October 26, 2011

The Real World?

[Author's note: I wrote this in a moment of frustration last semester. I spent the first month of my summer break professionally networking and found that it isn't as black and white as I first thought it was. That said, I think that the professional world-gothic wonderland dichotomy is something that many student readers of this blog will experience, especially as they get closer to graduation. Here is a look at the choices I found myself facing as I wrote my resume. Also, I'd be remiss not to mention that Kyle Knight (Trinity '08/Duke LGBT Network President/published Fulbright Scholar) and Todd Sears (Trinity '98/Duke LGBT Network board member) wrote an especially relevant column in last week's Chronicle.]

"Welcome to the real world," she said to me, condescendingly, "take a seat, take your life, plot it out in black and white"...They love to tell you stay inside the lines, that something's better on the other side...I wanna run through the halls of my high school, I wanna scream at the top of my lungs, I just found out there's no such thing as the real world, just a lie you got to rise above...I just can't wait til my 10 year reunion, I'm gonna bust down the double doors, and when I stand on these tables before you, you will know what all this time was for." ~John Mayer

At Duke, I surround myself with affirming, passionate, and eccentric individuals. Sure, we’re in the minority, but with the sheer number of absolutely amazing individuals in my life, I hardly feel that way anymore. In my communities, being a member of the LGBTQA community and identifying as a feminist are points of pride. Unfortunately, I have to start thinking about what exists outside of our gothic wonderland—I have to make myself marketable to future employers. And, depending on the type of job I’m looking for, those aren’t necessarily the keywords I should use to describe myself.

I don’t personally identify with a label like lesbian, gay, bi, trans or queer, but being a member of the LGBTQA community and as of recently, openly questioning, still has repercussions. I don’t ever want to have to feel like I have to choose between what I believe in (which is the foundation of my involvement in the Community, but more on that in a future post), who my friends are (who I love! Sound familiar?), and “making something of myself.” And yet, here I am, being forced to choose.

If I’m applying for a job in the progressive nonprofit world, I’m all set. They love feminists and queers. But if I’m applying for something else, something more corporate and capitalistic, I run into this problem of what to include on a resume and cover letter and what to “hide” or at least not flaunt.

I’m proud to be a member of the LGBTQA community and a feminist. I’m proud to be BDU Blog Editor. I’m proud to have been on the review boards for WOMYN Magazine and Unzipped (Duke’s Journal for Gender and Sexuality). I’m proud to write for Develle Dish and live in Women’s Housing. And damn it, I’m proud as hell to be fighting for equality and dignity for all people.

Really, it comes back to a fundamental question I’ve always wondered as an activist: should I work within the system, or outside of it?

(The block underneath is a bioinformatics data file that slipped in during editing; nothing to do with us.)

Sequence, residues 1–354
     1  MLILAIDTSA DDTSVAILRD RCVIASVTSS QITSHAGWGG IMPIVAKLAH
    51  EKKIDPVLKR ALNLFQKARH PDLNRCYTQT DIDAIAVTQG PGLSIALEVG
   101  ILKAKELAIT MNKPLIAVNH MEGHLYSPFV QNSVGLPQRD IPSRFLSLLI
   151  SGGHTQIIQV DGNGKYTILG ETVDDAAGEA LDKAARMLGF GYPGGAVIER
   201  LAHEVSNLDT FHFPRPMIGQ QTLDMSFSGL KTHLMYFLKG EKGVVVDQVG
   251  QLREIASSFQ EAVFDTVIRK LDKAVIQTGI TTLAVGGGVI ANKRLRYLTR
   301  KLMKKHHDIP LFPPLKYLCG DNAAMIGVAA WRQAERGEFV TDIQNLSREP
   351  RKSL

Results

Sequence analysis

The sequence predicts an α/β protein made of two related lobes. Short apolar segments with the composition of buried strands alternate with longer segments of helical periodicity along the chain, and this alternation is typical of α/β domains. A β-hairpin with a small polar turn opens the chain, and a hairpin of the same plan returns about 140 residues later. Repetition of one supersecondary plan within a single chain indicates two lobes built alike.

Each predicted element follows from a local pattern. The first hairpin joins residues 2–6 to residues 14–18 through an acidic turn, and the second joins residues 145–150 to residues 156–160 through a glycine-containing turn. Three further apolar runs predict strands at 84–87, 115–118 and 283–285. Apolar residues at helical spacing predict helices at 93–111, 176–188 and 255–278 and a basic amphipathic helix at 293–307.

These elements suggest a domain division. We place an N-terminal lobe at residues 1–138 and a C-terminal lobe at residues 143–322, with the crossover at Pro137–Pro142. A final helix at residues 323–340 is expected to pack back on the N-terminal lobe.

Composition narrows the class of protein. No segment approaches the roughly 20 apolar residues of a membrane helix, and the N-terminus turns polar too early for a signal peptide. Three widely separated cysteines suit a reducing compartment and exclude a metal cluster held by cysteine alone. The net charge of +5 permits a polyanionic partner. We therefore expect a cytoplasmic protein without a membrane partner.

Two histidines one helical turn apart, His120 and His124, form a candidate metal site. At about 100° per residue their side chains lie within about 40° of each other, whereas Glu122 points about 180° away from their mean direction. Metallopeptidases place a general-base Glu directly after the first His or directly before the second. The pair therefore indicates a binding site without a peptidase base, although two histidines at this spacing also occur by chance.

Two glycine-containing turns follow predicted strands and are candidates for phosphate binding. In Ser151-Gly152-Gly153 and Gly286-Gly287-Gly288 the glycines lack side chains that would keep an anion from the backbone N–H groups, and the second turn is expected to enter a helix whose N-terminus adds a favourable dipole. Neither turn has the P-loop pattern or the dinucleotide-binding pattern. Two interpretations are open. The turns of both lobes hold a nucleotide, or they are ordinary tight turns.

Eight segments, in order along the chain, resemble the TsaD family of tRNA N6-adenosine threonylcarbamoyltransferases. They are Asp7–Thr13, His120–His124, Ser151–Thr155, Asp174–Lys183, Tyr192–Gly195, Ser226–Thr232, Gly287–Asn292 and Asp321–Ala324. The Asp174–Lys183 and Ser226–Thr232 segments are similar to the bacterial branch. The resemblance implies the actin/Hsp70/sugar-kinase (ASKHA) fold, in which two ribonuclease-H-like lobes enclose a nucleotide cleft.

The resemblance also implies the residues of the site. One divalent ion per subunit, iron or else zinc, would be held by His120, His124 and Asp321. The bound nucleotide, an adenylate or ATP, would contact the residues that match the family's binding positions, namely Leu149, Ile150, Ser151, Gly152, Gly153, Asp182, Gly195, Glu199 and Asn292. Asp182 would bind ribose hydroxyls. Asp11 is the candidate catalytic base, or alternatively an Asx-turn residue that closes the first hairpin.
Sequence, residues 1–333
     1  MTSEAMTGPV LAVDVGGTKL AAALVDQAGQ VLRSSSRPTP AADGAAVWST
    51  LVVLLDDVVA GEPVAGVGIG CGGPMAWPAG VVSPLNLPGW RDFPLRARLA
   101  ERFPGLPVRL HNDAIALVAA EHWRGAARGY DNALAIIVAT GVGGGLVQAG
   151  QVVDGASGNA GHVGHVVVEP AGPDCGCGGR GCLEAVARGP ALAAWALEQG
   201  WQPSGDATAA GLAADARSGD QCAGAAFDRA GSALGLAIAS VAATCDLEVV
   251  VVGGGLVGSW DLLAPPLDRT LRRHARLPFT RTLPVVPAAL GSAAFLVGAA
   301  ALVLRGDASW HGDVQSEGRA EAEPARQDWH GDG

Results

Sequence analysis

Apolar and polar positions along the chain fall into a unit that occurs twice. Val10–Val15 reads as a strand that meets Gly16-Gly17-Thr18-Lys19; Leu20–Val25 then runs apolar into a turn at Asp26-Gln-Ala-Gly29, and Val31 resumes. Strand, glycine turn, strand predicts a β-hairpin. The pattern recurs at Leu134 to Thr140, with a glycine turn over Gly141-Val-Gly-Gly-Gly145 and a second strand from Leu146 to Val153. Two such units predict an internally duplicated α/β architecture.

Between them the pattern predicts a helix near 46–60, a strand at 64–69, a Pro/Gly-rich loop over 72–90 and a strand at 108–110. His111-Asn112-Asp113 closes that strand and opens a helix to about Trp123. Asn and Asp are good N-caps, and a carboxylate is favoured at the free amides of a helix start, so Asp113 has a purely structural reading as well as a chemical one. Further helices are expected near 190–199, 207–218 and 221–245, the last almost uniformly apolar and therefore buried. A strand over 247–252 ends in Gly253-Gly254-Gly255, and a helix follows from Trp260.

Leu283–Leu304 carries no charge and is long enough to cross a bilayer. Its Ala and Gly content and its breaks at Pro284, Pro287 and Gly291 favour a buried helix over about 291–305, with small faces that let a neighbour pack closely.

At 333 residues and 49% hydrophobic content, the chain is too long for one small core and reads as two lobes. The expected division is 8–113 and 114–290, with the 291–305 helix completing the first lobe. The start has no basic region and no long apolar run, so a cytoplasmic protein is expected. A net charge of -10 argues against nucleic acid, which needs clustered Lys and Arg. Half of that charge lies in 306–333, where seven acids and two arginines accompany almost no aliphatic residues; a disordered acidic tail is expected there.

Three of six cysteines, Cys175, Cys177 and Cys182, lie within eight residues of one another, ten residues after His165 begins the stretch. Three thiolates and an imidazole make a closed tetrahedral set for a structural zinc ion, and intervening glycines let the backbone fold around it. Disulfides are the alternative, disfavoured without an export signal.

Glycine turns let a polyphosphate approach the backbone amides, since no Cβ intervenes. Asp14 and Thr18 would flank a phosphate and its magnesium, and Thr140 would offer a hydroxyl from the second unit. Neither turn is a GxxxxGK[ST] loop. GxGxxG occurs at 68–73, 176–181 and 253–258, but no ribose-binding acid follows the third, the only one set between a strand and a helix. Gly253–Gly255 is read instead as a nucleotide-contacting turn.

It is better for me to submit a resume which makes it clear that I’m actively involved with the LGBTQA and feminist communities, maybe get over looked because I might be deemed ‘militant,’ but hopefully end up with something in the end, even if it wasn’t my first choice or the most lucrative or I don’t have as many options? I'd be standing up for my idealist principles, after all.

Or is it better for me to present myself in a way which is acceptable to those who are going to be hiring me, get my first choice job/have a lot of job options, gain a reputation, and then break out my rainbow superhero cape and feminazi bullhorn? Maybe that'd even make more progress, because I'd be in an environment where maybe feminism and lgbtqa activism wasn't the norm? But do I even want to work somewhere where that isn't the norm?

And if I take out my commitment to the LGBTQA and feminist communities, what do I have to even put on my resume? “This is Risa Isard…she spent four years attending classes and getting pretty good grades.”

Or maybe, I’m not giving the corporate world enough credit? Maybe they’d totally LOVE to hire “Risa Isard, unapologetic activist for all things gay and feminist!”

All I gotta say is…I hope they don’t google me (which they will), find this blog post (which they will, cause BDU Blog is awesome at search engine optimization), realize that my resume is only half the story (still to be determined), and end up judging me for the half I’ve left off, anyways. ‘Cause that’d sure be a waste of trying to present myself in a way that isn’t threatening to the status quo.

1 comment:

  1. As a student who is 99.99% sure I want to work for a company when I graduate I'm curious about the specific reasons why you're hesitating to showcase your LGBT/feminist cred on your resume. (Is this an assumption that you're making, is it from workplace discrimination news you've read, what mentors have told you?) So far I only disclose my LGBT/feminist involvement when it showcases relevant skills and/or once I have established a personal relationship with someone. For example, I never talk about being on the Womyn review board (it's not on my resume) but I constantly talk about writing for the Our Lives blog (it is) because it shows that I can consistantly contribute quality content to a group blog. My situation is easuer because I'm targeting earlier stage and tech companies in the Bay Area and NYC who generally have LGBT friendly reputations. The way I see it, getting a job anywhere is about showing how you bring value. If I wanted a marketing job at a tech company I would talk about my successful marketing and fundraising efforts for a Sex Week event, not my views on value of sex workshops for women.